Random lover’s rock

In ‘Random Spirit Lover’ Wolf Parader Spencer Krug flirts with disaster but makes out OK.

Haily Gostas

First comes the screeching, “totally excellent!” guitar riff. Then, the aggressive, plunking chords of a very minor-key piano. Then, a tambourine, followed by the too-hurried crash of cymbals and – why not? – another, higher keyboard catcall. These and other layers make up “Mending of the Gown,” the opening track of Sunset Rubdown’s “Random Spirit Lover,” and from the press-play on forward, you can’t help but worry over how the hell this can possibly work.

It doesn’t, at first. The sounds together are maddening, almost unfit, as if frontman (and notorious musical multitasker) Spencer Krug was hoping to prove his genius by pasting together as many left-field arrangements as possible – but just ate the glue instead.

While Dan Boeckner (Krug’s other half in the dualing partnership that leads Wolf Parade) was assembling and then snapping apart the sparse, ghostly suites in side project Handsome Furs (ultimately made up of a voice, a straining, skeletal guitar and a drum machine), Krug has apparently been hard at work making sure Sunset Rubdown’s audience is sufficiently dizzied by his brand of manic carnival music.

See, the Montreal outfit’s third full-length is more than a brief bout of pop eccentricity playing tricks on the otherwise level-headed offerings – all across the dozen tracks (clocking in at just under quite possibly the longest hour in the world), sounds and themes keep seeping in and out of one another; mystifying fairytale lyrics are either echoed to the grave or well-buried beneath huge flourishes; shouted, melodramatic melodies somehow find their meandering ways back to the beginning, returning like old friends right when you’ve almost forgotten them.

If you’re not paying close attention, it’s a mess, with even the most swirling, shimmering (and decipherable) bits only vaguely illuminated by an occasional pause in chaos. Even after a few deep-listening sessions, you’ll likely still be at work unraveling the complex geometry behind all its densities.

Thank God “Random Spirit Lover’s” tracks have verses, choruses, and bridges, but they’re so architecturally complex and, eventually, so harmoniously joined that the boundaries between them are erased. It is ultimately Krug’s exquisite perfectionism that makes the album’s bizarre and elegant qualities complement each other without too much confliction.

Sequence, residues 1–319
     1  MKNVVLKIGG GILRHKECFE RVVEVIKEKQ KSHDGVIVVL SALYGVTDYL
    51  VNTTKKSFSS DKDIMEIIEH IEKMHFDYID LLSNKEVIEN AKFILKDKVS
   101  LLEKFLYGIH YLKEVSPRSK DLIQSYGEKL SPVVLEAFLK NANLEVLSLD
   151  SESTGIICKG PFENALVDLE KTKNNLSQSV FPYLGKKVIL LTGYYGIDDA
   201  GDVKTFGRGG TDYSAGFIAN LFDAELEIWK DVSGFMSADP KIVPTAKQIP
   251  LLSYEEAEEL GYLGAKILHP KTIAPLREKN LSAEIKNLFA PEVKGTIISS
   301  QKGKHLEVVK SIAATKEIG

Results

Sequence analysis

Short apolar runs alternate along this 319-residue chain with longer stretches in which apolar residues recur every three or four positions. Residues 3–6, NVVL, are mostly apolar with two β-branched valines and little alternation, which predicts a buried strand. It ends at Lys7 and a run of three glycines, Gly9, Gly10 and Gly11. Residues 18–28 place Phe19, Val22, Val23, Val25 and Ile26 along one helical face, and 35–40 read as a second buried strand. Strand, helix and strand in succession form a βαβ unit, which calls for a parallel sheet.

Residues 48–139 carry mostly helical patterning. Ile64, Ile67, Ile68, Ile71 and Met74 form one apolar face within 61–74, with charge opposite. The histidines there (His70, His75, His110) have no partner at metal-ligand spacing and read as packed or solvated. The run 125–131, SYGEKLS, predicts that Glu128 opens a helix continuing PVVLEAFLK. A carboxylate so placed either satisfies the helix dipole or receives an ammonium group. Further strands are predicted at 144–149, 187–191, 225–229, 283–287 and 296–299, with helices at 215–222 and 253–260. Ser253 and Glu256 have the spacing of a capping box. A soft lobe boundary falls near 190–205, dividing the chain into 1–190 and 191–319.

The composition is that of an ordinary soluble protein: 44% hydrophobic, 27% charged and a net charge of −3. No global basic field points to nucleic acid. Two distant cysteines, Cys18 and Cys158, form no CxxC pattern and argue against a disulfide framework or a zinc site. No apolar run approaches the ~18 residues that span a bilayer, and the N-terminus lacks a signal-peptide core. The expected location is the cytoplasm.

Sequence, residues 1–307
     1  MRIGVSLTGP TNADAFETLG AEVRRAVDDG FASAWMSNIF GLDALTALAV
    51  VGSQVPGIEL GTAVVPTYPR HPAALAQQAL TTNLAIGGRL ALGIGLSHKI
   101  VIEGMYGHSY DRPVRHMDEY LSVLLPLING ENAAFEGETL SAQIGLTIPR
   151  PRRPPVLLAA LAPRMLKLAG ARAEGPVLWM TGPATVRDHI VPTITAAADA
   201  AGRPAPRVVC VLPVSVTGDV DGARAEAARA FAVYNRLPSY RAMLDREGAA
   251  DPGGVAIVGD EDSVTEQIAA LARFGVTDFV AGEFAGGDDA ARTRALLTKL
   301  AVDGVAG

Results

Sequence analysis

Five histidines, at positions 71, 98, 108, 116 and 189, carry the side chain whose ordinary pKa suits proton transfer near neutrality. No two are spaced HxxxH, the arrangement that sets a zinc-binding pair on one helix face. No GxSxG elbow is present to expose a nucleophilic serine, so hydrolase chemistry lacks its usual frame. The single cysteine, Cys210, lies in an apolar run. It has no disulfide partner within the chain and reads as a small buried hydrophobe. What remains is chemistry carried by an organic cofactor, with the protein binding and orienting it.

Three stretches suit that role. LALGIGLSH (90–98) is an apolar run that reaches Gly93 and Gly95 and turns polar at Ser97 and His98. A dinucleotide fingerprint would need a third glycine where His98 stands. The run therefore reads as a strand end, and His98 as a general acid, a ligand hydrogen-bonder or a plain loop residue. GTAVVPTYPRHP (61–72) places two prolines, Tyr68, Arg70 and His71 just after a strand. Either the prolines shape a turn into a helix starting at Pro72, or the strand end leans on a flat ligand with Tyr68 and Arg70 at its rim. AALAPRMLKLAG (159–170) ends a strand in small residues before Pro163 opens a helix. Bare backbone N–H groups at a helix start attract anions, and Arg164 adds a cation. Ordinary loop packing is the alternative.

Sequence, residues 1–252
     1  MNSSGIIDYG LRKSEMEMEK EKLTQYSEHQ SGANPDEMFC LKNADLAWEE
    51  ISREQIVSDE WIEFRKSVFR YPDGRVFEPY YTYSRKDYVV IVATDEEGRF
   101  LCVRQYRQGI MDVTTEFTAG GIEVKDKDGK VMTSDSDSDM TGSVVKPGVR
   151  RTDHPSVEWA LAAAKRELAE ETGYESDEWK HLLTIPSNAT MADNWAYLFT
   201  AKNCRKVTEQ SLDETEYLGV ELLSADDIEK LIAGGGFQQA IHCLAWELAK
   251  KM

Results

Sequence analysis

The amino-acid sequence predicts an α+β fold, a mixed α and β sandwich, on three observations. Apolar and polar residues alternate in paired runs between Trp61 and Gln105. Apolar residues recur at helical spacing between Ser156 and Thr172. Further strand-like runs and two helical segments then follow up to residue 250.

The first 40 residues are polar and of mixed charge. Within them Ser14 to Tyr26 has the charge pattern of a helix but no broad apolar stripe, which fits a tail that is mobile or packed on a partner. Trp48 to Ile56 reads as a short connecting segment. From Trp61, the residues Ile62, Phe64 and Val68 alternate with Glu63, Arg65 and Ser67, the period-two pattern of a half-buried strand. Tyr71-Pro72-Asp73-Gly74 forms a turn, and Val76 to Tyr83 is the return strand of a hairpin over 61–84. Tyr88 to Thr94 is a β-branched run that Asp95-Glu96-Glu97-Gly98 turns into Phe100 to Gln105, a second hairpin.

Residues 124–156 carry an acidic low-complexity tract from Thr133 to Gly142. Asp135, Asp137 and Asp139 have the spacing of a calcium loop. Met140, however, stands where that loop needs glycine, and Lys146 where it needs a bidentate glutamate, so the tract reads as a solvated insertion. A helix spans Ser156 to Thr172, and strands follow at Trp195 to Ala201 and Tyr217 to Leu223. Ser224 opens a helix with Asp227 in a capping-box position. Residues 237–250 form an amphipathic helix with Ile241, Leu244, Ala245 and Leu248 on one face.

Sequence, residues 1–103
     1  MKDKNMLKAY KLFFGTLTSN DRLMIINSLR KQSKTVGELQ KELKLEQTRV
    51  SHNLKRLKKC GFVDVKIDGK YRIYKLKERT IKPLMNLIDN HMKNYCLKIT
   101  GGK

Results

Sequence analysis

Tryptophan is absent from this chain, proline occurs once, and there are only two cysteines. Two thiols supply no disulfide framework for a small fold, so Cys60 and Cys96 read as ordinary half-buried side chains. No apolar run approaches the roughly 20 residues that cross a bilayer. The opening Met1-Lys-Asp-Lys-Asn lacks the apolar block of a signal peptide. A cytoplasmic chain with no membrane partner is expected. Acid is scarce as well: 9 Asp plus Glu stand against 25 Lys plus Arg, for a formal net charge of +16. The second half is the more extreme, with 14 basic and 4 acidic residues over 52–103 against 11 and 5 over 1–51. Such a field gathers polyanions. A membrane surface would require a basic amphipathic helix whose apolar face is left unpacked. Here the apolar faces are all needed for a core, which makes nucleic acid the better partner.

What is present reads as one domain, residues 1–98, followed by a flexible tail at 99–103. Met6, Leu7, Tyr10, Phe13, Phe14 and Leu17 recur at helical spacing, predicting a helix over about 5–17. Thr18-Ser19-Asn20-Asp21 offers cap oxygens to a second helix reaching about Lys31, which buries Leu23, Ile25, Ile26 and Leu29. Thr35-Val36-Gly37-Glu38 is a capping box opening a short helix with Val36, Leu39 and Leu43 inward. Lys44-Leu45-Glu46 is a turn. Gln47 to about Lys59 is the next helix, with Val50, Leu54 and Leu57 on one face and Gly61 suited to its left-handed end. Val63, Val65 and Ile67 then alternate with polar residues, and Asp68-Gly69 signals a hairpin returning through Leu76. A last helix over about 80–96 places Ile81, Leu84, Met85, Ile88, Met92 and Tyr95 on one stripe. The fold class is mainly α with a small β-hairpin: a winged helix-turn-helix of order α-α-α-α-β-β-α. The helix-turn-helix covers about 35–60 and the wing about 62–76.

At the very least, each song comes to preserve its own unique character, a testimony to the album’s careful crafting. “Magic Vs. Midas” employs piano peaks and valleys (up and down and up and down they go); “The Courtesan Has Sung” starts stiff before Krug’s roundabout phrasing dissolves into a whirlwind of barbershop-esque harmonies; “Winged/Wicked Things” obeys its title and becomes both bruising and delicate with the spike and fuzz of its sound. It’s exhausting but exhilarating once all Krug’s intentions are unpacked.

The woven lyrics and singular songwriting style of Sunset Rubdown invoke a mythological world, where magical narratives and tiny metaphors take a sometimes beautiful, sometimes beastly shape. Mixing omens and theatrics, confusions and conversions, the dark glamour of the music creates a tone of high drama where the stage is wild and the roles aren’t clear. It is then that the sincerity of Krug’s beloved project and the gleeful spontaneity of his subsequent recordings can’t help but shine through the intensely structural formality. And it is then that you can’t stay mad or frustrated at such intricacies when you should just probably shut up and surrender.